Rob Schmitz says revival of Mike Daisey show is ‘a little disturbing’

July 24, 2012
Category: Uncategorized

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Why is Mike Daisey remounting “The Agony and the Ecstasy of Steve Jobs,” the play that was the basis for his famously retracted “This American Life” episode about the manufacture of Apple devices? “Marketplace” reporter Rob Schmitz, who busted Daisey for fabricating details, characters and events in the episode, expresses some astonishment to Hamish McKenzie that Daisey returned the show to Washington, D.C.’s Woolly Mammoth Theatre Company.

Schmitz allows that Daisey “raised awareness about working conditions in China,” but that’s about as generous as it gets:

“I wouldn’t listen to a theatre performer who doesn’t speak the language and has proven that he has a penchant for lying,” says Schmitz, who leans forward when he talks about Daisey. “That’s what bothers me the most, when I see that people are still interested in it. And maybe they’re just interested in it for entertainment value, and that’s fine. But it’s a little disturbing because it crosses the line of information and entertainment. It’s infotainment.”

What really gets Schmitz is that Daisey gets China so wrong. “He’s dehumanizing a place that he so wants to humanize, or claims that he wants to humanize. That bothers me. That really bothers me. Because people who believe that he cares about the Chinese? Give me a break.” Schmitz scoffs just a little. “If he cares so much about the Chinese, he wouldn’t have taken the interpreter’s words and then just completely lied about everything she said. He talked to workers and then lied about what they said to him. How much respect is he giving the Chinese by doing that? That’s what bothers me, that people believe that this guy is some sort of hero for the Chinese worker.”

Washington Post theater critic Peter Marks reviewed the show and said it “sounds an alarm that now has a hollow ring.” He praises Daisey’s performance but writes that the passion of its original run “is tempered now…by what comes across, at times, as defensiveness and self-pity.”

He’s added or enlarged upon a few leavening anecdotes that have occurred since he first started doing the show, such as an encounter with Steve Wozniak. Daisey describes the Apple co-founder as being deeply affected by the revelations about Foxconn and Shenzhen: “It never was supposed to be this way,” he quotes Wozniak as saying.

The episode gives off a whiff of the self-serving, as if the narrator is seeking to convince someone that he was right all along.

DCist’s Benjamin R. Freed came away with a similar conclusion: Basically, The play’s damaged goods, shelve it.

Unfortunately, where Agony and Ecstasy is concerned, watching Mike Daisey be Mike Daisey is now a chore and a two-hour exercise in vanity. He is still consumed by his own role as messenger of Apple’s corporate misdeeds, acknowledging but not rectifying the fact that his message was flawed. Daisey has long been a fixture of summers at Woolly Mammoth, but ideally, he would use these weeks to workshop a new project, not wring the last bits of life from a irreparably damaged monologue.

In a piece that seeks to explain why Daisey’s sticking with the show, Chris Klimek interviews Daisey and The Washington Post’s Gene Weingarten, who says:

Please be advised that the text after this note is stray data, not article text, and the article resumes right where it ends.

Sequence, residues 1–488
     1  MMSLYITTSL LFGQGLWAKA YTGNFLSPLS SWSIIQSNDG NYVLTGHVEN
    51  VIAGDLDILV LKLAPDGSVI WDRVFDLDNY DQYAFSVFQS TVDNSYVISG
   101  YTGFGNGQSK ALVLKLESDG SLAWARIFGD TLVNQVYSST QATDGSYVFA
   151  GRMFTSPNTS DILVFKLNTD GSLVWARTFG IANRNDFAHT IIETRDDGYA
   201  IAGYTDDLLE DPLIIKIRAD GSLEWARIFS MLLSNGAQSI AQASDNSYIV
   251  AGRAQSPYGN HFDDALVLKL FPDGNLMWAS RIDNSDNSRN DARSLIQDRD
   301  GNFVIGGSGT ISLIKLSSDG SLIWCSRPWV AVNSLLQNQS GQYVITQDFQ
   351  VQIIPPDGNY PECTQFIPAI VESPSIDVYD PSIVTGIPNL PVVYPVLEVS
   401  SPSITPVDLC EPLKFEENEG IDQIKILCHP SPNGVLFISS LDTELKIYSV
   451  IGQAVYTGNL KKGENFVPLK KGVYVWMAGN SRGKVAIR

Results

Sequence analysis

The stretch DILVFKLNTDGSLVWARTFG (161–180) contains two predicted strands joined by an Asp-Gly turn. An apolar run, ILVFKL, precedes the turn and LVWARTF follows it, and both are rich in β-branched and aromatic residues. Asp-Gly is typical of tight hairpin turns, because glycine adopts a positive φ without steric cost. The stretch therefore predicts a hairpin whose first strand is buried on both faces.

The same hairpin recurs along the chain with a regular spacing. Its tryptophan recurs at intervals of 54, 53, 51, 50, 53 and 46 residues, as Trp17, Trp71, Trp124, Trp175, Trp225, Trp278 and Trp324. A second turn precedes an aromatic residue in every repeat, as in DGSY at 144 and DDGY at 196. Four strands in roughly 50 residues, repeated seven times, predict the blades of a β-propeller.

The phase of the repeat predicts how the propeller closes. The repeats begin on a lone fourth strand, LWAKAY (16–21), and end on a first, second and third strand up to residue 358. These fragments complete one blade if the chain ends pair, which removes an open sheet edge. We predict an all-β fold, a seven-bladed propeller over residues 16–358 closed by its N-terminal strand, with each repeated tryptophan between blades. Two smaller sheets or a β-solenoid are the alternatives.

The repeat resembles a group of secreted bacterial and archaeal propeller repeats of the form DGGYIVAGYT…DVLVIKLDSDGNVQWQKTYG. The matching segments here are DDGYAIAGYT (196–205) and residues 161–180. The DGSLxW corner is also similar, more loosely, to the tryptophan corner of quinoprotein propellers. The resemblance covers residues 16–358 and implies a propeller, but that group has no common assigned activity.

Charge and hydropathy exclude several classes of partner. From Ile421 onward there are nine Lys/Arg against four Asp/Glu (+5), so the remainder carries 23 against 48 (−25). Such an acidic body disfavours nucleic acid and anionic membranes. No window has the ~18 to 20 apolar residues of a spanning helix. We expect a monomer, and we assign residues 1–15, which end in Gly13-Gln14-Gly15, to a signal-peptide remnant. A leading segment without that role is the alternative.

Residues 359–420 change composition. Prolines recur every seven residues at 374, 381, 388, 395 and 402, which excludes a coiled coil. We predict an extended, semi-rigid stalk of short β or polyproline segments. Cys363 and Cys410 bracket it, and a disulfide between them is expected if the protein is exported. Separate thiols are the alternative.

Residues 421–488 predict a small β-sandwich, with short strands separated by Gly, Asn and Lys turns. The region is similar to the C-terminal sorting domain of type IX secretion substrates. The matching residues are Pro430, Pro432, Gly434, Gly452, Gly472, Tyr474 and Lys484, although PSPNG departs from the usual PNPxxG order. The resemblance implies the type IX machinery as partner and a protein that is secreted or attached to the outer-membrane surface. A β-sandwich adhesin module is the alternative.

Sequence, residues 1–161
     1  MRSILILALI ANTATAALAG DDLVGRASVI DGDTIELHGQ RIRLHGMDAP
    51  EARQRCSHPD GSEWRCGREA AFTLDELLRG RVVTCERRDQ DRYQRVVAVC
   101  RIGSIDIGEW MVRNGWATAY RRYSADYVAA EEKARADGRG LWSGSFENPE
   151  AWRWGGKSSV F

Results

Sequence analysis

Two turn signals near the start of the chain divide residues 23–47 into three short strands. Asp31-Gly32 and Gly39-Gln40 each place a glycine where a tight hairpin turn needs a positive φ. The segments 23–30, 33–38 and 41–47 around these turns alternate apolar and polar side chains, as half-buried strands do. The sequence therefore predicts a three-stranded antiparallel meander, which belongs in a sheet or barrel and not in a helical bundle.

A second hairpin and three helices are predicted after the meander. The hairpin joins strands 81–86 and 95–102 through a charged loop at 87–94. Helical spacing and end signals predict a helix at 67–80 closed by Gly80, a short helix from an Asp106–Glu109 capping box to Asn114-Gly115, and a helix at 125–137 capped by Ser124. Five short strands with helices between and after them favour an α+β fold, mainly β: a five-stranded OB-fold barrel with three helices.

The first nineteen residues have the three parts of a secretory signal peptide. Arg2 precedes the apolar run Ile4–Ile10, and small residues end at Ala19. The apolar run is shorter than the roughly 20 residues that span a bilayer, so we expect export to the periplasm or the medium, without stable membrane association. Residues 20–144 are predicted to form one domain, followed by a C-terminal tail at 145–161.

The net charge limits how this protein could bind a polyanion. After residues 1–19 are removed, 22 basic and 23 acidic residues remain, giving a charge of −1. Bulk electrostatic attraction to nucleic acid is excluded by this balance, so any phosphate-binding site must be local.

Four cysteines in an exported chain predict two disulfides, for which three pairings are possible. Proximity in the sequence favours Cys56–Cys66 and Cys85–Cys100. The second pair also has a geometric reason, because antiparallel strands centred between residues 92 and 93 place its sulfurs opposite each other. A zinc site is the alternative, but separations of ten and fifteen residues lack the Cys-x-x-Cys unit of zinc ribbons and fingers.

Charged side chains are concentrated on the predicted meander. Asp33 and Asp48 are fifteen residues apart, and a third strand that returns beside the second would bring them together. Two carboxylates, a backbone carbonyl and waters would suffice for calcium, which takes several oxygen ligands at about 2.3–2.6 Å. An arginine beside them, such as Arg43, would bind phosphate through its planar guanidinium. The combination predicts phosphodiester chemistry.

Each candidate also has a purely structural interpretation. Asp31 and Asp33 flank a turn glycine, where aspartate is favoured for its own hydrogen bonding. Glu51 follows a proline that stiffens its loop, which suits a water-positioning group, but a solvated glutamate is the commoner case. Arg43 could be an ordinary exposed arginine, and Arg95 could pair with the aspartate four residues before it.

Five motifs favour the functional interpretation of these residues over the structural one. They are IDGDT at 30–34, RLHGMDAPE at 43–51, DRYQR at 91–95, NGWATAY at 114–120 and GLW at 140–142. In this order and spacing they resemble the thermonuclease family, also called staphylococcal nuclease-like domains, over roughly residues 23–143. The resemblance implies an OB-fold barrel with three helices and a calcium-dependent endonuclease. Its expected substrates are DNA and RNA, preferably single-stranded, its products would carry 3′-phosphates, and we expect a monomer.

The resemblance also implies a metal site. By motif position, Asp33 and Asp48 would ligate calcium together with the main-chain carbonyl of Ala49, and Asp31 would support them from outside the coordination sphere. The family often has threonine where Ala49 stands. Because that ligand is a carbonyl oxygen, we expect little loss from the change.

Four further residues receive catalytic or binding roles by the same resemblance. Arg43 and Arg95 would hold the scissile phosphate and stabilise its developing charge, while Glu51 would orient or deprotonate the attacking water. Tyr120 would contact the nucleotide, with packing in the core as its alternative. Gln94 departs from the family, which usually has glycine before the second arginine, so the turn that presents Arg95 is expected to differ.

Mike Daisey has such contempt for his listeners that he is willing to invent facts—powerful, evocative, central facts of his narrative—to make people believe what he thinks they should believe. He is saying: I, Mike Daisey, believe a certain truth about the world. I want you to believe the same thing, so I will distort reality to make you believe it, and not tell you I am doing that. It is so dishonest, and so manipulative, it is essentially intellectual totalitarianism.”

But journalism isn’t the right lens for “Agony,” Klimek writes. Think of it as a prompt, he says.

I don’t think it’s right to blame Daisey for falling short of our expectations. Rather, I think we expect the wrong things from the medium. … Unlike many of Daisey’s critics, apparently, I’ve never assumed that anything a stage storyteller tells me is as rigidly factual as what I read in the New York Times. I reserve those expectations for Charles Duhigg, David Barboza, and Keith Bradsher, whose “iEconomy” series I might not have devoured when it hit the Times in January had I not seen Daisey’s show nine months earlier.

In a post called “Why I Am Still Performing the Agony and the Ecstasy,” Daisey responds to some of the criticism:

While I can understand the desire for me to explain my actions, I think doing so in the course of AGONY/ECSTASY would be unethical because it would make the show more about me than about the very real issues and real people the show addresses.

Earlier Tuesday, Politico reporter Patrick Gavin tweeted that Daisey’s run at Woolly Mammoth is “already discounted.” Deeksha Gaur, the theater’s director of marketing and public relations, tells me via email that’s a reflection of the theater’s deal with ticket-discounter Goldstar, not sales of Daisey’s show. “It gives us the ability to reach out to people for whom our higher-priced tickets are just not a possibility,” Gaur writes. Sales in general are good, Gaur writes: “we’ve had the second biggest advance for this production than any other production this season and so far, we are meeting expectations.”

On Aug. 4, Daisey will have a post-show chat with Apple co-founder Steve Wozniak. Tickets are still available; they start at $120.

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